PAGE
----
Over the past few years, the statistical revolution has made its way from baseball to basketball. Most NBA teams use advanced metrics to help make day-to-day decisions, and the league even has its own Billy Beane–type character in Houston Rockets general manager Daryl “Dork Elvis” Morey. Smart basketball fans have learned not to let our eyes deceive us, not to extrapolate too much from limited evidence: We know, for example, that the ability to make acrobatic drives isn’t more important than overall shooting percentage, that offensive efficiency is a better measure of a player’s value than total points scored.
But the more wins and losses can be predicted by algorithms, the more thrilling it is to be reminded that statistical likelihoods aren’t certainties. Luck still exists. And above all, that’s what’s driven the Jeremy Lin story: pure dumb luck.
Most observers have credited the hype around Lin to the fact that he’s a Harvard kid in a league packed with guys who didn’t finish college, that he’s an ex–minor leaguer when many of his co-workers earned millions in their teens, and that he’s an Asian-American in a league where that’s exceedingly rare. All of those things certainly contribute to Lin’s appeal—but they don’t tell half the story of how crazy these few weeks have been on the court itself.
Lin came into this season having hit one three-pointer—one!—in his NBA career. He wasn’t a good long-distance shooter, even against Ivy League competition. And yet fully four of his five signature highlight moments have been threes: his tongue-wag shot against Utah, his nails in the coffins of Los Angeles and Dallas, and of course his brain-melting isolation game-winner in Toronto. (We’d call the crossover of John Wall and subsequent dunk his other signature play.) When Lin started draining three-pointers in the clutch as if he were Larry Bird, the most unlikely thing about it wasn’t his skin color or alma mater: It’s the fact that a guy with his skills isn’t even supposed to be taking those shots. For two giddy, batshit, statistically anomalous weeks, we watched Jeremy Lin double down on sixteen over and over and win every time. The fun of it was knowing that this was the game when the joyride had to end … and then witnessing him draw yet another blackjack and act like it was the most normal thing in the world. The run finally came to a close last Thursday against the Heat, but he’s still way up, as gamblers might put it. Meanwhile, the Knicks had a seven-game winning streak, and Lin set a record for the most points scored in a player’s first five starts.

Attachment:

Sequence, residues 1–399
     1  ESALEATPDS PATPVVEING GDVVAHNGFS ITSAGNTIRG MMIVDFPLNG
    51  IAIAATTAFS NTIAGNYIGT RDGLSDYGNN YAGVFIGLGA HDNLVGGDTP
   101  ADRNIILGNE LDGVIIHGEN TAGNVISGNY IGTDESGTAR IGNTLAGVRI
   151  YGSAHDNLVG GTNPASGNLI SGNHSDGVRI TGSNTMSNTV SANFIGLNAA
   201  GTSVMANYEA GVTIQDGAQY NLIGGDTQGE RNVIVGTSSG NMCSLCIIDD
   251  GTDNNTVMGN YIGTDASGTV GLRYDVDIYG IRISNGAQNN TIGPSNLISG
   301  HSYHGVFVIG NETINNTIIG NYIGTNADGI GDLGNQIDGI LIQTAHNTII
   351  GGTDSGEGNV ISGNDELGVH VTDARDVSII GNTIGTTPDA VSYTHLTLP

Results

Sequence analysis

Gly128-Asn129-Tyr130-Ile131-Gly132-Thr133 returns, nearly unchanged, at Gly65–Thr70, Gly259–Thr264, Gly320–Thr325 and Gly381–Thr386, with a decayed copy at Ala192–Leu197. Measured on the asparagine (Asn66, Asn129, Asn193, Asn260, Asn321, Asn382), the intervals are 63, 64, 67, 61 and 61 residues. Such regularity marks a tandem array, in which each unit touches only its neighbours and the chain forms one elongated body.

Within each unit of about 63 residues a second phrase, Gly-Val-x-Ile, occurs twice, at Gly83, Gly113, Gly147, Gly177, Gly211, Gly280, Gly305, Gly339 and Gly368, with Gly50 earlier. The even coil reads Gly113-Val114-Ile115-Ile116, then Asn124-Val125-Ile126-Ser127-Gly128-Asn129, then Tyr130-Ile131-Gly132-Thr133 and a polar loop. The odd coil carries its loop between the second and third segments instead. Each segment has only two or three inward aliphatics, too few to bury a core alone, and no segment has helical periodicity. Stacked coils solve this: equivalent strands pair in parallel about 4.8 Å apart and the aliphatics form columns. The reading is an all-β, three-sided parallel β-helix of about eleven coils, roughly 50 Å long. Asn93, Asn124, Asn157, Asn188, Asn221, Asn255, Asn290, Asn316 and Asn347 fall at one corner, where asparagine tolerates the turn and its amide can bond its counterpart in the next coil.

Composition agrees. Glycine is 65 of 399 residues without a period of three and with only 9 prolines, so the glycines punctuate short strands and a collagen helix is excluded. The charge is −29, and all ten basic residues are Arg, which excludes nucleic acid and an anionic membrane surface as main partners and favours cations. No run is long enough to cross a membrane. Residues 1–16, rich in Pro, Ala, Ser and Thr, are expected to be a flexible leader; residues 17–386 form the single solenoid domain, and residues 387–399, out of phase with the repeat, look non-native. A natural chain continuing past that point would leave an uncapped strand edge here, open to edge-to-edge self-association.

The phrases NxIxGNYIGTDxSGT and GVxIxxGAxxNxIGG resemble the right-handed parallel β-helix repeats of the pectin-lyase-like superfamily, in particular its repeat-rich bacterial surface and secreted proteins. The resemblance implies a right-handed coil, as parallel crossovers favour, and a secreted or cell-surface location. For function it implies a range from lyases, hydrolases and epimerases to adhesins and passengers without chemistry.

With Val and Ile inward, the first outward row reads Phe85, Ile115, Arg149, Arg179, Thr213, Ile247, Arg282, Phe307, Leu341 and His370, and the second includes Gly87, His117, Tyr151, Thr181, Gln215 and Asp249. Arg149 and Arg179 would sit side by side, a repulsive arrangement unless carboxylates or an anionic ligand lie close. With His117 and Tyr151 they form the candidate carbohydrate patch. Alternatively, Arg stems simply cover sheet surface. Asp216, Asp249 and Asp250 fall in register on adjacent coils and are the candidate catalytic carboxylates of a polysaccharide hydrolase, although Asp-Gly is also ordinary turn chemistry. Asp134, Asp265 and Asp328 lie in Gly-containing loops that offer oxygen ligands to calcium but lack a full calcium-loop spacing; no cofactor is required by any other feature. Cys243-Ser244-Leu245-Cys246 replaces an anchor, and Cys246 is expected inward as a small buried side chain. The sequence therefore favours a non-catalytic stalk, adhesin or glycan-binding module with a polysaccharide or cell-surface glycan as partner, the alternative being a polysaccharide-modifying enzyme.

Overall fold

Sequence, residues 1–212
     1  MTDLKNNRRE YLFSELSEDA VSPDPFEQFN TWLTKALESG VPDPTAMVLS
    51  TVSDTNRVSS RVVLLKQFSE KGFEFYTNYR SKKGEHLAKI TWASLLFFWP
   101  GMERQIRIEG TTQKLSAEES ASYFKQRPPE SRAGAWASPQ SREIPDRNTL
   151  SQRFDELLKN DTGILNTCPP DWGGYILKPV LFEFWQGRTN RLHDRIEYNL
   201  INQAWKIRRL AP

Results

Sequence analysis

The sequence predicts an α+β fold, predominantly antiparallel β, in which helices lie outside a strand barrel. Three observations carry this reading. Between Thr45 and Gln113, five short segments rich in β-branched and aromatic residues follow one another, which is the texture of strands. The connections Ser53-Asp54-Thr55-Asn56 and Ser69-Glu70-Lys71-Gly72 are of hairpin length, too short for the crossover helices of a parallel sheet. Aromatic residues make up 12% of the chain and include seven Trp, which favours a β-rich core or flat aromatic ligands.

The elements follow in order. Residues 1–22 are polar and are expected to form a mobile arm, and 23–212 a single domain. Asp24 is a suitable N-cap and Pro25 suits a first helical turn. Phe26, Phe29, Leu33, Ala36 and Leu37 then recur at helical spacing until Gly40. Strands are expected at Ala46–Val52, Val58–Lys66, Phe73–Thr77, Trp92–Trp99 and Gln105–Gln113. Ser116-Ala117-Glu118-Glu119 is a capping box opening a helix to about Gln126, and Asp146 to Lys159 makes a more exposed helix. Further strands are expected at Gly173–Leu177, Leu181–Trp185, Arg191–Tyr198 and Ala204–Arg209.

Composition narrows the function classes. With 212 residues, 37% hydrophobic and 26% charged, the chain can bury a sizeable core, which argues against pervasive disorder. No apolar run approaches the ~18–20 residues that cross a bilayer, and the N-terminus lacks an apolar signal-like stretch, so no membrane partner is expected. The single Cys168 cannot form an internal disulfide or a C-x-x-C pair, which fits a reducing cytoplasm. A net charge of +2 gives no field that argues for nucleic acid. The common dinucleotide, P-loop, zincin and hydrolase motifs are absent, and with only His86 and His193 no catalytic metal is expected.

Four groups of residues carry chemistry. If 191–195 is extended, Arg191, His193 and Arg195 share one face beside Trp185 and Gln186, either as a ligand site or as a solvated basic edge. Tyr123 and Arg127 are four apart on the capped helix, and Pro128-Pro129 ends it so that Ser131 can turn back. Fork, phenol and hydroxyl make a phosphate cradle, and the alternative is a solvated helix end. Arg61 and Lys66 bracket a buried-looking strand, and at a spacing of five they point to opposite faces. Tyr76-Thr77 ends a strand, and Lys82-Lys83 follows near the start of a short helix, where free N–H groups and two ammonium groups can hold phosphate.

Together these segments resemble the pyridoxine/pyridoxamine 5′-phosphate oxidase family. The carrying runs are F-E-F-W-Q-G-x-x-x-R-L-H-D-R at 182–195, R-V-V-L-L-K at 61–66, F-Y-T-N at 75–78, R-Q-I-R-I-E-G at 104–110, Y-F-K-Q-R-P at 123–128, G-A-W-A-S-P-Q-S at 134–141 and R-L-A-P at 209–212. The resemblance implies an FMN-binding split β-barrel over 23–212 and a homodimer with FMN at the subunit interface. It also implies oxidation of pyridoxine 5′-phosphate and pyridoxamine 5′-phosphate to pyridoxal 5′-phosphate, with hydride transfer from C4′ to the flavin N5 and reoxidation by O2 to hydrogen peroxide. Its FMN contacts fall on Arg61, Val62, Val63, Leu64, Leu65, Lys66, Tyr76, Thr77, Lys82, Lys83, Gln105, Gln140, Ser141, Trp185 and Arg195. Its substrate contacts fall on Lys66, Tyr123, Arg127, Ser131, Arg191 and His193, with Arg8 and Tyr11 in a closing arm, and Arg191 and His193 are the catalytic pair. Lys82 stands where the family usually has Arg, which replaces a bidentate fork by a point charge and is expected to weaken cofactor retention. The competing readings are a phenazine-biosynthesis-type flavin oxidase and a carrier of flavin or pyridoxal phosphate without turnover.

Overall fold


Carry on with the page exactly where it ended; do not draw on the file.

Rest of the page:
It was those unlikely events—the streak, the threes, the 38 points he put up (against Kobe!)—that awed NBA diehards and captivated the swing-voter fans. Your mom wouldn’t have called to ask you about that new pick-and-roll point guard who was putting up a great eFG% on an eighth-seed playoff team. But she did ask you about the guy who makes huge three-pointers and can’t lose. By the end, we all believed, those who didn’t know better and those who knew we should have. Never mind that the wins came during a fortuitously easy stretch in the schedule, and that Lin hasn’t played enough for the data to tell us what his real talent level is. We’ve rarely been happier to have our eyes deceive us.
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